Everything was going well for Sussex until the seventh over, when Steve Magoffin prepared to celebrate his 35th wicket of the season and hail Ed Joyce's decision to put Middlesex in as Chris Rogers, on three, edged the ball towards second slip and the safe hands of Mike Yardy.
On this occasion, Yardy's reliability deserted him. Seven hours later, as the Sussex bowlers wandered wearily towards the pavilion, Rogers was just a few steps behind, bat tucked under his arm, having advanced his score to 161 not out.
Rogers was dropped on 105 as well, when he tried to cut a wide ball from Will Beer and made rather a mess of it. Chris Jordan dived to his left at slip but was no more successful than Yardy had been. One miss was excusable, you might say; two really was careless. An Australian with his sights on an Ashes comeback is not a man to whom chances should be offered so casually.
Especially one in the kind of form the Middlesex captain is enjoying. Rogers had a double hundred against Surrey and four other half-centuries this season before this match and reaching 148 in this innings took him to 700 runs in the Championship.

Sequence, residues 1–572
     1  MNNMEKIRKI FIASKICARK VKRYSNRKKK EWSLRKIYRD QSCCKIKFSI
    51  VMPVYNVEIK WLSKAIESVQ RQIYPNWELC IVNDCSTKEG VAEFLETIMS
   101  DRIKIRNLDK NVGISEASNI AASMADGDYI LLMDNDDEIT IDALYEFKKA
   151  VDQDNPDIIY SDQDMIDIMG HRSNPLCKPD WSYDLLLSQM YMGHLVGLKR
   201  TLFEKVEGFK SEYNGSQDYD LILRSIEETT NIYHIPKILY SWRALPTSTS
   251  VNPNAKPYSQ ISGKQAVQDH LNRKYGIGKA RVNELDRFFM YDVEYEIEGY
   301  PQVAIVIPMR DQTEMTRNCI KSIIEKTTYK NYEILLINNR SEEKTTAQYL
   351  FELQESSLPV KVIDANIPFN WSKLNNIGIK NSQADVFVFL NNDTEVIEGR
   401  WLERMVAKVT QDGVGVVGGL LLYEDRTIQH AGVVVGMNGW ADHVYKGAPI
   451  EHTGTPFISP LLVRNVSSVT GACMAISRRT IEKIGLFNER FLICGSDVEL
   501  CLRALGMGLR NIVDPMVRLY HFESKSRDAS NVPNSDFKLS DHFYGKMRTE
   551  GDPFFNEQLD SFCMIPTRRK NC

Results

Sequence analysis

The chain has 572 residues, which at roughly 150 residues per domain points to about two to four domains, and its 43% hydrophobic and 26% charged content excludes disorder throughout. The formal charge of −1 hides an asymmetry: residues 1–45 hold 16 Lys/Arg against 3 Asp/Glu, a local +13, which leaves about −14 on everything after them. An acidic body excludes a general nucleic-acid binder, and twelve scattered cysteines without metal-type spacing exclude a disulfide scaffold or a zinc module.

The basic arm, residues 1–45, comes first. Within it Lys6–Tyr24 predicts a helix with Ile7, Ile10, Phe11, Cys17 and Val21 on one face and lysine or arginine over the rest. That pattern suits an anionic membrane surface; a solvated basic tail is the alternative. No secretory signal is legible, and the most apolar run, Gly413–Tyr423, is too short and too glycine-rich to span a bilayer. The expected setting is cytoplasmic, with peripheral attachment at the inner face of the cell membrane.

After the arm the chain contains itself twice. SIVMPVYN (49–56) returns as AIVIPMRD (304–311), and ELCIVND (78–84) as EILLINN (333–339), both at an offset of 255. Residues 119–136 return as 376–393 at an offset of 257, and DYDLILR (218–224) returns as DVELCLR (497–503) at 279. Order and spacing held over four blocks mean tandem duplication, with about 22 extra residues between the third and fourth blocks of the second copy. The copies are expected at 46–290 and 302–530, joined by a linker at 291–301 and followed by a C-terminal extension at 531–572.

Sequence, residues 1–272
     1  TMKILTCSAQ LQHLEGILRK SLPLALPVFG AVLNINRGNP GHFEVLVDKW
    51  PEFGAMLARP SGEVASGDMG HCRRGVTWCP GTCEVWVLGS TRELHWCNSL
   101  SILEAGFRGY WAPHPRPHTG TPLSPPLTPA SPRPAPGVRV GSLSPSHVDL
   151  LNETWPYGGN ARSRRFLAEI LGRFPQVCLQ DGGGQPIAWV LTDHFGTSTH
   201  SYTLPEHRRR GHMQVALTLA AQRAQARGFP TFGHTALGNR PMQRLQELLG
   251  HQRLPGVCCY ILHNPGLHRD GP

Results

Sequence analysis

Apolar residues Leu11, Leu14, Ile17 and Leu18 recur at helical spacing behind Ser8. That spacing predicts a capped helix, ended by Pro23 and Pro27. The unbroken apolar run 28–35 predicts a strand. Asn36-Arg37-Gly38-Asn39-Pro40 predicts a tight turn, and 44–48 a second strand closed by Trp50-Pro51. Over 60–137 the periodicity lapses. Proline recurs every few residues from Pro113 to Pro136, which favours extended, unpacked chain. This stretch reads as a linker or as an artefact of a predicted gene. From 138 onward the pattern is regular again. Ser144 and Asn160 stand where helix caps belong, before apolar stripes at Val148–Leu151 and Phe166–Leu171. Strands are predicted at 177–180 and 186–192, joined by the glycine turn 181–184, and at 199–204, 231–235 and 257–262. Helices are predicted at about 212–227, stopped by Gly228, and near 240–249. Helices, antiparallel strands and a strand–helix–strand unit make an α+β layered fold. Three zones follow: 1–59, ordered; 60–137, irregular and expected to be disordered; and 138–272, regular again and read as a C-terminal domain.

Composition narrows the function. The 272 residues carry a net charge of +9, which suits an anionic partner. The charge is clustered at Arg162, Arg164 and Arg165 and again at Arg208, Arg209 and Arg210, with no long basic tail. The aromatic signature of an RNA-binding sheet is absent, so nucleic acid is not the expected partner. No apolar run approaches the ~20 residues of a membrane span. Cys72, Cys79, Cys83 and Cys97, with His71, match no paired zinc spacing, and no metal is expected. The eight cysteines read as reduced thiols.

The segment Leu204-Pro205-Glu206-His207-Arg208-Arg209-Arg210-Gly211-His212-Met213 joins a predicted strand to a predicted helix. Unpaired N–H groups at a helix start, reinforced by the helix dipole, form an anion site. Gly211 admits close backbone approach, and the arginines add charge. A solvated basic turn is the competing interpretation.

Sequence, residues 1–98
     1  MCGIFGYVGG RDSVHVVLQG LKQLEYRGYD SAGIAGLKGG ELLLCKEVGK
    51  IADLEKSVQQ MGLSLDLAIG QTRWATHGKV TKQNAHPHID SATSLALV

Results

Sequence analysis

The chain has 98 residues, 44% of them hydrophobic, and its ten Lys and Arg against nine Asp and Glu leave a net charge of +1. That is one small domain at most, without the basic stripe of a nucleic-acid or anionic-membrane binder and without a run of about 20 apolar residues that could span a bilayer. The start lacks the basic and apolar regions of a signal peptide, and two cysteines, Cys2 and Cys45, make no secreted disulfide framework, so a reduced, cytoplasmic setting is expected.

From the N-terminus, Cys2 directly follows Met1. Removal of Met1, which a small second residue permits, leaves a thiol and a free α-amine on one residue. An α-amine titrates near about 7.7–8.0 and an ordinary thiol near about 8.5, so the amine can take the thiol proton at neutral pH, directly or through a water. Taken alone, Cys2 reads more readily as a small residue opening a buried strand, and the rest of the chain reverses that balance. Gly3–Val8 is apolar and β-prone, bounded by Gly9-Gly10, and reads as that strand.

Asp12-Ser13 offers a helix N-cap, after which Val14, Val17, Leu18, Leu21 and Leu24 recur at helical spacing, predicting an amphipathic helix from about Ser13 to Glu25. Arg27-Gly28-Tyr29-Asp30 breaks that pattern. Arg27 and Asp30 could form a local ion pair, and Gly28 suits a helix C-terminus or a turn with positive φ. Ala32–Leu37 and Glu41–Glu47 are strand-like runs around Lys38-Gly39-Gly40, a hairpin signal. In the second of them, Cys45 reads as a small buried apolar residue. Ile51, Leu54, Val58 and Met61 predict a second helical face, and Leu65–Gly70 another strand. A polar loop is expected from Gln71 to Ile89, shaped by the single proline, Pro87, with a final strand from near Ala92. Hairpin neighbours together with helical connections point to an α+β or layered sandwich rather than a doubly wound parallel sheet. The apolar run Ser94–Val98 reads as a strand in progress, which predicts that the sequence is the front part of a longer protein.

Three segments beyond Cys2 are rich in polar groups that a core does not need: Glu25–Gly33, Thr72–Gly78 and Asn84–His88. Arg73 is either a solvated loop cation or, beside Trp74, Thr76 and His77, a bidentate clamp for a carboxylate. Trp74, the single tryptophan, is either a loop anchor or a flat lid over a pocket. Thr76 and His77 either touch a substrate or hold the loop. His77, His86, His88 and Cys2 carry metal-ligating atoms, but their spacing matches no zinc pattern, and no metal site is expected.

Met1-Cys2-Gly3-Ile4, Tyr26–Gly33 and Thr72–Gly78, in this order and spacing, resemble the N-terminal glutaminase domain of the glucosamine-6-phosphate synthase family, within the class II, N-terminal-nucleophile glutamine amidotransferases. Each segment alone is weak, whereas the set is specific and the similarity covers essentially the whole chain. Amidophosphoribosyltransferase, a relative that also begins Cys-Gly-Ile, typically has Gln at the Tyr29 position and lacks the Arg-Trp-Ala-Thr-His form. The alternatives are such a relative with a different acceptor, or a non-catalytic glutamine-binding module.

Supported first by Sam Robson, the Australian who wants to play for England, and later by Neil Dexter, with both of whom he shared century partnerships, Rogers put Middlesex in control and reinforced the notion this year's title race will be close. Sussex, who omitted Rory Hamilton-Brown, arrived as leaders, eight points ahead of Yorkshire and 10 in front of Middlesex, but those three make up only half the contenders.
Joyce's decision to field stirred Sussex's social networkers into some predictable tut-tutting but in his defence he has at his disposal the most potent strike bowlers of the season so far and even with James Anyon rested and Monty Panesar injured he had reason to hope for better. You could not accuse him, either, of not knowing local conditions, having spent nine years here. And had that first chance stuck, it might have been a different story.
In the event, neither Magoffin nor Jordan added to the 68 wickets they have between them. The only inroads were made by the spinners, Beer and Chris Nash.
Beer, the wrist spinner, pushed one through to trap Robson on the back foot with the last ball of the morning and bowled Joe Denly between bat and pad with a ball that skidded straight on. Nash's off-spin accounted for Adam London.